Regret when keeping sexual assault a secret
Carol Marchetti, assistant professor in the Bouvé College of Health Sciences, studies victims of sexual assault. Credit: Dominick Reuter
(Medical Xpress) -- According to the 2006 National Violence Against Women Survey, one in six women is a victim of sexual assault, a crime that Carol Anne Marchetti said is committed repeatedly by a relatively few number of perpetrators.
If we could take even a small number of offenders off the streets, we could greatly reduce the rate of [the crime], said Marchetti, an assistant professor in the School of Nursing in the Bouvé College of Health Sciences.
Victim reports are crucial to identifying offenders, she said. But the 2006 survey also found that only 10 to 20 percent of victims report their experiences to the police, a figure that Marchetti and other researchers have called a gross overestimate.
Marchetti, a certified Sexual Assault Nurse Examiner (SANE), has spent thousands of hours examining and educating victims and gathering potential DNA evidence. Over time, she began to notice that many of her patients regretted their reporting decisions.
When patients struggle with the decision of whether or not to report, many of them say, Carol, am I going to regret it? Marchetti said.
Victims who report attacks receive a variety of services to help them deal with psychiatric complications and other health consequences, but reporting sexual assault, Marchetti cautioned, is not in the best interest of every victim. For some it might result in their death or their children being taken.
SANEs, who must remain objective, are not allowed to influence reporting decisions. For her part, Marchetti wants to identify factors that could help victims make appropriate choices that align with their situations.
In her recent article published in the Journal of the American Psychiatric Nurses Association, Marchetti found several correlations between regret and reporting decisions. Participants who experienced weight gain after an assault, for example, tended to regret their decisions. Those who sought professional treatment experienced less regret. Perhaps most strikingly, 70 percent of participants who did not report their attack regretted their decision.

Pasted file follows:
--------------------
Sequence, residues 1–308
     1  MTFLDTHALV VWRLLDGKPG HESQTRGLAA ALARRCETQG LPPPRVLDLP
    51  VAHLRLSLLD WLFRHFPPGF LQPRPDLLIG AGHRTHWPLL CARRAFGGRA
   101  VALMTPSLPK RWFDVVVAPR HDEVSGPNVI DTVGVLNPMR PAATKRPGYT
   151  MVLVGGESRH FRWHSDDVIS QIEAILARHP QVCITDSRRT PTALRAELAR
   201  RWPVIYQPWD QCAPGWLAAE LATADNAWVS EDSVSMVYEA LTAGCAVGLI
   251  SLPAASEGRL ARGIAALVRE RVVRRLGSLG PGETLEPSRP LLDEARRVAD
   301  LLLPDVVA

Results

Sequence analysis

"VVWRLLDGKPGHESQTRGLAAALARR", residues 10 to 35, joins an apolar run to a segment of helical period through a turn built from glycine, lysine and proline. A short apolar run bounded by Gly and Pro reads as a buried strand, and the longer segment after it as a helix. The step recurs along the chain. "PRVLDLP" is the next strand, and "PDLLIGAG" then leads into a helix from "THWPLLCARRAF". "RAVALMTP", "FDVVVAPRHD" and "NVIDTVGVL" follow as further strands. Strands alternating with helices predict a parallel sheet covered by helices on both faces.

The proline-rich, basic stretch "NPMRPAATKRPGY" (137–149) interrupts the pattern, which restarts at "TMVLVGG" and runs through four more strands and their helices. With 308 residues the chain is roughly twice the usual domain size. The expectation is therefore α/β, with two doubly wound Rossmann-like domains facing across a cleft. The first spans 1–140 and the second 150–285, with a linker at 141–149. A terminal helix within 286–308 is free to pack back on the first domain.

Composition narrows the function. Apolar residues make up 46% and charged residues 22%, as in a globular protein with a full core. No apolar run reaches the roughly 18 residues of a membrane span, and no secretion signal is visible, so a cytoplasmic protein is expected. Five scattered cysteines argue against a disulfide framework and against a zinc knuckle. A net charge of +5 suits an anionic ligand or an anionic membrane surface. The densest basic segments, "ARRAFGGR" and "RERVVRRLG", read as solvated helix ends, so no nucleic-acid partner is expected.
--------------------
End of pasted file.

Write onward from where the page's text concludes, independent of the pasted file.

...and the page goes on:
Marchetti was not surprised by the finding, noting, We often regret the road not taken rather than the road taken.
Marchettis survey is available online. As more data becomes available, she will repeat the study with a larger population sample. Ultimately, she would like to develop a decision aid based on her results that could assist victims in the decision-making process.
Such an aid, Marchetti said, would be consistent and not loaded one way or another but would address all the questions SANE nurses encounter.
Provided by Northeastern University
- Love remains a main source of regret for typical American, study finds Mar 24, 2011 | not rated yet | 0
- Gaps in services for sexual assault victims in Texas revealed Aug 29, 2011 | not rated yet | 0
- Gangs don't protect against crime Apr 13, 2011 | not rated yet | 0
- Sexually victimized girls with PTSD not more likely to binge drink later Jul 27, 2011 | not rated yet | 0
- Many victims of crime unhappy with criminal justice system Sep 28, 2011 | not rated yet | 0
- Motion perception revisited: High Phi effect challenges established motion perception assumptions Apr 23, 2013 | 3 / 5 (2) | 2
- Anything you can do I can do better: Neuromolecular foundations of the superiority illusion (Update) Apr 02, 2013 | 4.5 / 5 (11) | 5
- The visual system as economist: Neural resource allocation in visual adaptation Mar 30, 2013 | 5 / 5 (2) | 9
- Separate lives: Neuronal and organismal lifespans decoupled Mar 27, 2013 | 4.9 / 5 (8) | 0
- Sizing things up: The evolutionary neurobiology of scale invariance Feb 28, 2013 | 4.8 / 5 (10) | 14